Archive for Tuesday, August 14, 2001

Castro stays abroad to mark 75th birthday

August 14, 2001


— Fidel Castro drank champagne and ate cake during a 75th birthday party that lasted until dawn Monday, then traveled deep into the rain forest with Venezuela's president to inaugurate a multimillion-dollar power project for Brazil.

"In all my life, I've never received this kind of tribute," said Castro, when President Hugo Chavez, a former paratrooper, presented him with the first rifle Chavez was issued as a 17-year-old Venezuelan army cadet.

Backed by a quartet, Chavez sang "Happy Birthday." Castro, who has ruled communist Cuba for 42 years, reciprocated with a few quips about his age.

"In my 50s I was beginning to learn. In my 60s I was still learning, and at 75 I'm still learning. I'm still a Pioneer," he said, referring to Cuba's Pioneers communist group for schoolchildren.

In Havana, state television broadcast extensive footage of Castro's trip, and government-controlled media were filled with greetings. No big events were planned.

In Washington, State Department spokesman Philip Reeker joked Monday that Castro should step down as Cuban president because he "has reached the mandatory retirement age for dictators."

Castro, who arrived in Venezuela on Saturday, postponed his return to Cuba until late Monday to attend the inauguration in the tiny plains town of Santa Elena de Uairen, 600 miles southeast of Caracas on the Brazilian border.

Citing Cuba's self-reliance in the face of the U.S. embargo, and its dispatch of hundreds of doctors abroad to give free medical care, Castro praised the power project as an example of how developing nations can collaborate to provide their peoples essential services. He even raised the prospect of someday sending Venezuelan hydroelectric power to Cuba.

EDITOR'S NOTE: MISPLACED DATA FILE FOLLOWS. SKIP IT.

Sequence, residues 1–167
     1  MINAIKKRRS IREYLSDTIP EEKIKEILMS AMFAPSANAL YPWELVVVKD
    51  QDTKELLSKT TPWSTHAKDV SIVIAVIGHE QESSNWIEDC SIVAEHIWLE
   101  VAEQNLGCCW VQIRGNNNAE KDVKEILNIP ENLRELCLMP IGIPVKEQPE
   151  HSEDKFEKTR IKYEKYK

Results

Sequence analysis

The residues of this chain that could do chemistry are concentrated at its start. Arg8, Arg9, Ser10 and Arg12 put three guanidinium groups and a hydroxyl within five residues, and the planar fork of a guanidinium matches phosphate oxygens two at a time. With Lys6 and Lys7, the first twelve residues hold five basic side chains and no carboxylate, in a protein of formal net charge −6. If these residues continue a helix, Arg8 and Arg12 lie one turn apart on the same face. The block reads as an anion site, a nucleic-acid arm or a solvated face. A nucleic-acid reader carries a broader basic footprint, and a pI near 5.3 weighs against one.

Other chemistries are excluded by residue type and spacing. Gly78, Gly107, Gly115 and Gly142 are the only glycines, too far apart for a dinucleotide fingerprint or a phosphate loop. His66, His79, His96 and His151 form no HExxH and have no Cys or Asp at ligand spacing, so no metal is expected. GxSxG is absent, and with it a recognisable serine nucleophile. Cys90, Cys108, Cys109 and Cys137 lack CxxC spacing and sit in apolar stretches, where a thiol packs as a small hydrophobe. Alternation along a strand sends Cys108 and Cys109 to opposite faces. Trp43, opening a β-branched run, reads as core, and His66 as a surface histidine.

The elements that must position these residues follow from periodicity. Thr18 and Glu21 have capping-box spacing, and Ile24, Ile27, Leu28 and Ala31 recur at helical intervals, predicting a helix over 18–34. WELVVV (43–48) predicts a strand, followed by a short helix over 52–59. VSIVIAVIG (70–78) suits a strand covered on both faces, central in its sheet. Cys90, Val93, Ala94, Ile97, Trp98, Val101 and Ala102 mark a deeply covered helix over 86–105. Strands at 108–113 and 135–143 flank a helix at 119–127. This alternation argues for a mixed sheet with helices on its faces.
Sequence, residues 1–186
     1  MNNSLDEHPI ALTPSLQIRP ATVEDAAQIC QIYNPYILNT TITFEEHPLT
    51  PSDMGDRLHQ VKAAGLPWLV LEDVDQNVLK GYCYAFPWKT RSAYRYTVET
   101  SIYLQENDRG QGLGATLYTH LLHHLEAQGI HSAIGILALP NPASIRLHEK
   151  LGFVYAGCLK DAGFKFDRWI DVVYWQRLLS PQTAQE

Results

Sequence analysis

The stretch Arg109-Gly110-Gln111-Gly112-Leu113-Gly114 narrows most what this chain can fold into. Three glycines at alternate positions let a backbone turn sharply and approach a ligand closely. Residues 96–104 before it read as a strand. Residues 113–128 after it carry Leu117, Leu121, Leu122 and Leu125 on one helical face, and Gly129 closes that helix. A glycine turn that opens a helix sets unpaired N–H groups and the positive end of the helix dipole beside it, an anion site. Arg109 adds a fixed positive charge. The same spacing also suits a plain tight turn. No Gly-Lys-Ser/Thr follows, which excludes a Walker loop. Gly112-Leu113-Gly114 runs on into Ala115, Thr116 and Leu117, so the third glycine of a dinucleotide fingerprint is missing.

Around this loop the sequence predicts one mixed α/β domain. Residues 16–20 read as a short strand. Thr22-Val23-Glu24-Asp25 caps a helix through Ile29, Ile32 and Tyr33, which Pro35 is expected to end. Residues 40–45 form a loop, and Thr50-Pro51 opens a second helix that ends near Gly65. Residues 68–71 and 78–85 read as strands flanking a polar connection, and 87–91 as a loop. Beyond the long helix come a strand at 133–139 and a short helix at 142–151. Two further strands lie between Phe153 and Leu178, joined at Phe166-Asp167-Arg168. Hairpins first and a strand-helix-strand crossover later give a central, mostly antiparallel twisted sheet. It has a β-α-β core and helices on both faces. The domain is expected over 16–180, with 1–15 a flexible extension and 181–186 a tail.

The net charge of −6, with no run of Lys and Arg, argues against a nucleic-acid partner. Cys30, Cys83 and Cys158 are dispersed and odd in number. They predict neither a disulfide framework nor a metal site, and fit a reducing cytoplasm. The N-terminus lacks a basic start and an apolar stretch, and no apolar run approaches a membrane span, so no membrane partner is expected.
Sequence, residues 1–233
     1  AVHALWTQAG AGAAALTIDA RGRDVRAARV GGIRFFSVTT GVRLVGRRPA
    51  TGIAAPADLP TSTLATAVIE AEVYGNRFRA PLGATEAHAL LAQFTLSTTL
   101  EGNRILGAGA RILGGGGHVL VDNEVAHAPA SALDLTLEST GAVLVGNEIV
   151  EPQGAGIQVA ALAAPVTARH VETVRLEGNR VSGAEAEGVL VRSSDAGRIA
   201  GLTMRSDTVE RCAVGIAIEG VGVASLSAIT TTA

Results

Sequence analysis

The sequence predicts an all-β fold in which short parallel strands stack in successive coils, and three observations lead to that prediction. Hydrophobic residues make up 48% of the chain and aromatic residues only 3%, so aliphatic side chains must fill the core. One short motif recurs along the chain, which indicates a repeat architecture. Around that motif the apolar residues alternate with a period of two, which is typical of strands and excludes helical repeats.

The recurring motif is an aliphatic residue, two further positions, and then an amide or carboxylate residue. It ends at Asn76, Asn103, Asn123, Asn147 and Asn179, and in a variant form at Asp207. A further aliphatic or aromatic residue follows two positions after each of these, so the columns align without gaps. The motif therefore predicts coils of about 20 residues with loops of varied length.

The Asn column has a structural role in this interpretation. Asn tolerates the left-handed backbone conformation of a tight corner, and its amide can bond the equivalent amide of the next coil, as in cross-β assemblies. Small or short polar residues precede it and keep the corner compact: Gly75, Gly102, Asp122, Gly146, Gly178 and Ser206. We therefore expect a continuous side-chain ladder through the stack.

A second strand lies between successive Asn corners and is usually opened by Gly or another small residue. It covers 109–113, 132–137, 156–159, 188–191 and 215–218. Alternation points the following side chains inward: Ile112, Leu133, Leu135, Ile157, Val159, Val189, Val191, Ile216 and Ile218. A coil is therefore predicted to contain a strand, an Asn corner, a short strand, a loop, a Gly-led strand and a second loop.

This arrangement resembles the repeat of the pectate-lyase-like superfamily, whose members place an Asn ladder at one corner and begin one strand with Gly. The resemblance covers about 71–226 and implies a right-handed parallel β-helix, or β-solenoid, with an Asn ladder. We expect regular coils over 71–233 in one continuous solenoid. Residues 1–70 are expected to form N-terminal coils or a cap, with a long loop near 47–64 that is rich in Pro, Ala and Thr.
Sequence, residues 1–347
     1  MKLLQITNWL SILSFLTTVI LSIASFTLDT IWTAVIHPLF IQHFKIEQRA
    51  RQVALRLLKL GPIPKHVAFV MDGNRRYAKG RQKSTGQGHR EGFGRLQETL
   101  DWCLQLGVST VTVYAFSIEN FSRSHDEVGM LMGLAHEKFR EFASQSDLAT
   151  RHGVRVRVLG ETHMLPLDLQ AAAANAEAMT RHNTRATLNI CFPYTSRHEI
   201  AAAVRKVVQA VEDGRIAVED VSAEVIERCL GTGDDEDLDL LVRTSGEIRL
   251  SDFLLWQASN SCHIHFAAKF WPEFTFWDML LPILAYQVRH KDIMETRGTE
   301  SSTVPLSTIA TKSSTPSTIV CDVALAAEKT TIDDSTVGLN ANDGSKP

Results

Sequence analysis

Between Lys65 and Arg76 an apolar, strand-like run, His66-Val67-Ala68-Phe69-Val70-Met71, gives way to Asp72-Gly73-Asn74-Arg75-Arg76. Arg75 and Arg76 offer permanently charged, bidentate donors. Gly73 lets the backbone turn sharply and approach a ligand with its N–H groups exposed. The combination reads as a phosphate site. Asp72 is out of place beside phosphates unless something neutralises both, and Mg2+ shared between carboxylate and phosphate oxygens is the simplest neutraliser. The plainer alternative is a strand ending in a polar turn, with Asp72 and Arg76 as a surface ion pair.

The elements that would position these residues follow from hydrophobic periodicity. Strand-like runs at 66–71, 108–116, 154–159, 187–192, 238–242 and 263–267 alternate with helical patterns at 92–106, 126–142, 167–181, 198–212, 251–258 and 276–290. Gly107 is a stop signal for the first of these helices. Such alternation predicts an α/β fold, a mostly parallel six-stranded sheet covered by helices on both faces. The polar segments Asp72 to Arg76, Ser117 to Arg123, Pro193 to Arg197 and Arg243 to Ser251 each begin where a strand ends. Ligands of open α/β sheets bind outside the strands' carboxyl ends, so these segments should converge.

"Either we integrate or we disintegrate," Castro de-clared.

Bidding his audience fare-well, he added: "I leave here with stronger hopes for the future of a united Latin America. Long live Latin America. And long live the Caribbean."

Castro spoke after Chavez condemned the U.S.-backed Free Trade Area of the Americas, saying it's up to Latin nations to integrate to face the giant of the north. Talks on FTAA, to be signed in 2005, exclude Cuba.

"Cuba, Venezuela and Brazil are essential countries in the integration of Latin America," said Brazilian President Fernando Henrique Cardoso. Cardoso has called FTAA an "option" for Brazil, which belongs to the Mercosur trade pact.

Castro, wearing trademark fatigues and cap, was greeted by about 1,500 people, including indigenous leaders and construction workers. Youths played regional music; flags of the three nations decorated the streets.

Castro spent the weekend touring Venezuela's Angel Falls and meeting impoverished indigenous leaders in the remote rain forest. It was Castro's first foreign trip since he fainted during a June 23 speech, raising concerns about his health.

The 47-year-old Chavez is a steadfast Castro ally. The United States Venezuela's biggest oil consumer keeps a wary eye on the relationship.

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